Early childhood education

Participation in high-quality early childhood education (ECE) can have measurable positive effects on children's long-term development, educational achievement and future economic success. This is true especially for children from low-income families and children whose parents have low levels of education.[34]

Between 2001 and 2009 government spending on ECE increased by more than 220%. While participation has increased, the growth in government spending has largely been to fund quality improvements (eg, higher numbers of registered teachers), and to shift costs of participation from parents to government (eg, the "20 Hours Free ECE" policy introduced in 2007). The average per-child cost of ECE to the Government has risen sharply. From 2001 to 2009, inflation-adjusted spending per full-time enrolment increased by about 75%.[35]

Schooling

Inflation-adjusted spending per student in schools has increased by more than 20% since 2001. This has been driven by increases in wages for teachers and other school sector workers, and increases in staff numbers to enable additional non-contact time for teachers. A minor driver of average per-student costs has been the growth in student numbers in the more expensive senior secondary school years.

For extra expenditure to improve outcomes, it must be aligned with system improvements. Many expensive attempts around the world to improve schooling have failed to deliver increases in students' skills. International comparisons show little, if any, relationship between per-student expenditure and the overall quality of schooling and student achievement. This does not mean that money does not matter, but that the amount of funding seems to matter less than the quality of the system into which it is channelled.[36]

It is difficult to measure productivity in education, as outcomes for students can be hard to measure and difficult to attribute to particular causes. Education outcomes depend on many factors both inside and outside institutions over long time periods. In terms of measurable changes in learning outcomes in recent times (ie, student achievement) we can show a marked improvement in school leavers' qualifications following the introduction of the new National Certificate of Educational Achievement (NCEA) system.[37] The NCEA involves a new set of rules, measures and incentives, which has offered students more flexibility and opportunity to complete qualifications. Arguably, introducing the new qualifications system has had a greater impact on the measure of student achievement than any increase in education spending.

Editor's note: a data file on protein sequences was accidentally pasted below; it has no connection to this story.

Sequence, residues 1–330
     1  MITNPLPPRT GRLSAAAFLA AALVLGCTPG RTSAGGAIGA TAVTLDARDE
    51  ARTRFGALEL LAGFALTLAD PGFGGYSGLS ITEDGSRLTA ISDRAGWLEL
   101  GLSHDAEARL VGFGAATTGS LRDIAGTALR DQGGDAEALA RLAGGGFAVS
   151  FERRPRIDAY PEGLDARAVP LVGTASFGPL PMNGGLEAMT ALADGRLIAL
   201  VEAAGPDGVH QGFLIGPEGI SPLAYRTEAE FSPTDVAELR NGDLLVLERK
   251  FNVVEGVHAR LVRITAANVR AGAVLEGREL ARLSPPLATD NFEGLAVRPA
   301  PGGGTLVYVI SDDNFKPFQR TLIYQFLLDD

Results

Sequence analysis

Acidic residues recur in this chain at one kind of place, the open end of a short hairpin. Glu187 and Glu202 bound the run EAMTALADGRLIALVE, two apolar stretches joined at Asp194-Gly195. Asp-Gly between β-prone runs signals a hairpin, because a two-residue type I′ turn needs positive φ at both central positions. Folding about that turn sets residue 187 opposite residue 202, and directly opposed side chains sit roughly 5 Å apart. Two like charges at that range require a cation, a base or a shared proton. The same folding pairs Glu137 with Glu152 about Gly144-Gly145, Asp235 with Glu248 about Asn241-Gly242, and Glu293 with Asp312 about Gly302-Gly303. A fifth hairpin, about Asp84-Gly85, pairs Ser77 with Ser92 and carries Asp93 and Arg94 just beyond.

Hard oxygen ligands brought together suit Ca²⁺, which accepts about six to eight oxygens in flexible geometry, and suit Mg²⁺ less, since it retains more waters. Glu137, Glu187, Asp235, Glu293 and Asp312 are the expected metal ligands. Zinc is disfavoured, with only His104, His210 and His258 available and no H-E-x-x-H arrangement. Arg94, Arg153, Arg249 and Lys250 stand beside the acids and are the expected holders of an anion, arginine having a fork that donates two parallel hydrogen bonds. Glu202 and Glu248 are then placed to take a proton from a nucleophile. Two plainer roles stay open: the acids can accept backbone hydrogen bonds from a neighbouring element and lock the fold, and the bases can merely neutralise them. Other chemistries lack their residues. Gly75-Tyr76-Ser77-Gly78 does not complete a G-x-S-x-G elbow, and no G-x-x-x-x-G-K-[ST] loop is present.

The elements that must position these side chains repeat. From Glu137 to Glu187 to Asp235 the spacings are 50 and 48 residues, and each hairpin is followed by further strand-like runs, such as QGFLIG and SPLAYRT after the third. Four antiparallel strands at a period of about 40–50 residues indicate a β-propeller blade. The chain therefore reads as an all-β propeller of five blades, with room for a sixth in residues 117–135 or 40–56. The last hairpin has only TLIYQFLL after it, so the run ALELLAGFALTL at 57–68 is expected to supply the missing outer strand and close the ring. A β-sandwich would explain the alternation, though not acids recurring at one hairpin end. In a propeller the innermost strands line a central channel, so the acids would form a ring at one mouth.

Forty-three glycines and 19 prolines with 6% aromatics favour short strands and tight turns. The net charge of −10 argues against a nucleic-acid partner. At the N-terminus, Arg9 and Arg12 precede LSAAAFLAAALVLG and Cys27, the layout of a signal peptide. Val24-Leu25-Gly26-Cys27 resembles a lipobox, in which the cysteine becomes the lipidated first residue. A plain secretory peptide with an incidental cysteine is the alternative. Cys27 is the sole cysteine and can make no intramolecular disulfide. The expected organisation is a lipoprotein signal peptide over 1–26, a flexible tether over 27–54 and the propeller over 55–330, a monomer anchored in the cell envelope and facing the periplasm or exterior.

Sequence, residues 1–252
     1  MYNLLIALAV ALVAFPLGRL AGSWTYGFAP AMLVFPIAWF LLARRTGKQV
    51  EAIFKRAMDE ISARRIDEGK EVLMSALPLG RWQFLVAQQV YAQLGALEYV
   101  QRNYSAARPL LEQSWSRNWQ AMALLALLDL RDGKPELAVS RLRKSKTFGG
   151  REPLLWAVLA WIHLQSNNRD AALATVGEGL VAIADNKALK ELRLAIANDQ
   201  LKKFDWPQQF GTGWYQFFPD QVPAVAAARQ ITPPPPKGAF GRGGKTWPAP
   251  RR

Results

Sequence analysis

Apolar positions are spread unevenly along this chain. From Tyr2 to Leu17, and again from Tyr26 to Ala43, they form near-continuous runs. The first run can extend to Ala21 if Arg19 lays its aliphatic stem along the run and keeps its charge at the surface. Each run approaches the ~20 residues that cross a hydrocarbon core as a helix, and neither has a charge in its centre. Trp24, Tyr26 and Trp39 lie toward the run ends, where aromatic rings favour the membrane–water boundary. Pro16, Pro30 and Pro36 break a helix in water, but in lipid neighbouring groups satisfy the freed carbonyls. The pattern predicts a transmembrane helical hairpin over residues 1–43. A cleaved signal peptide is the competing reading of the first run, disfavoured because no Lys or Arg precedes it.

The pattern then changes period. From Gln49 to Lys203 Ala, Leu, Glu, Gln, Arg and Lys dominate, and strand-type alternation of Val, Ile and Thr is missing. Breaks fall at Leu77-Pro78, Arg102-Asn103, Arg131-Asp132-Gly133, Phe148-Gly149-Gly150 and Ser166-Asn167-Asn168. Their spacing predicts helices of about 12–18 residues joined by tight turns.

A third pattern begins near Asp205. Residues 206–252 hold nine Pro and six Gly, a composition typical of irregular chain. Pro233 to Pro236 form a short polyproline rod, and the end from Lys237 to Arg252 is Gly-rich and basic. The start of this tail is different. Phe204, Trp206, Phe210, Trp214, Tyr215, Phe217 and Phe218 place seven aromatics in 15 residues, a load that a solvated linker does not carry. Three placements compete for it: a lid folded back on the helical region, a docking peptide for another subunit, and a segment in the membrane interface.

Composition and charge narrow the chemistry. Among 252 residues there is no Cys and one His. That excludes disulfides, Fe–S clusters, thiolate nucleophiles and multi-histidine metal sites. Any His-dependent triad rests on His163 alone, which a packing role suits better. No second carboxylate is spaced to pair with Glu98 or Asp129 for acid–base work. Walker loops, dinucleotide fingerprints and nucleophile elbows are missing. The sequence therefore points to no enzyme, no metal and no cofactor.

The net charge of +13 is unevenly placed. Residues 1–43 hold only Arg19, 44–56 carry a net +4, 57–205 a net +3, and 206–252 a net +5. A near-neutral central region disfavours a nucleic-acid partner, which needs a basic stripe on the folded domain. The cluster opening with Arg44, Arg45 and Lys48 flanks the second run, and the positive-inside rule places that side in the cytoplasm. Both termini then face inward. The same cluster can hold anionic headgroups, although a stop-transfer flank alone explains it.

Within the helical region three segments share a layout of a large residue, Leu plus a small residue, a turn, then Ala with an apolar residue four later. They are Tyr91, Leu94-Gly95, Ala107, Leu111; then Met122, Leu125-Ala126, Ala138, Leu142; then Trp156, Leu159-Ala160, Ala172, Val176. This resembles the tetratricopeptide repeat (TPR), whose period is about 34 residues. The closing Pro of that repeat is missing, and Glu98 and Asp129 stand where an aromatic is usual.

International achievement studies at school age show a fairly stable pattern over time. New Zealand students perform around the international average levels in earlier years of schooling. In secondary school, the average score of New Zealand 15-year-olds has been near the top of the OECD since 2000 in the three measured areas of reading, mathematics and science. The proportion of students achieving at the highest levels is amongst the best in the OECD. But we also have one of the highest levels of variability in student achievement - with students from low-income families being over-represented in our "long tail of underachievement".[38]

Tertiary education

The number of students in tertiary education has grown by more than 20% from 2001 to 2009. Almost all this growth has been in wananga, polytechnics and industry training programmes offering sub-degree-level qualifications. Counting funding to institutions, as well as funding to students (student loans and allowances), inflation-adjusted expenditure per full-time student has risen by around 30% since 2001.[39],[40]

Notes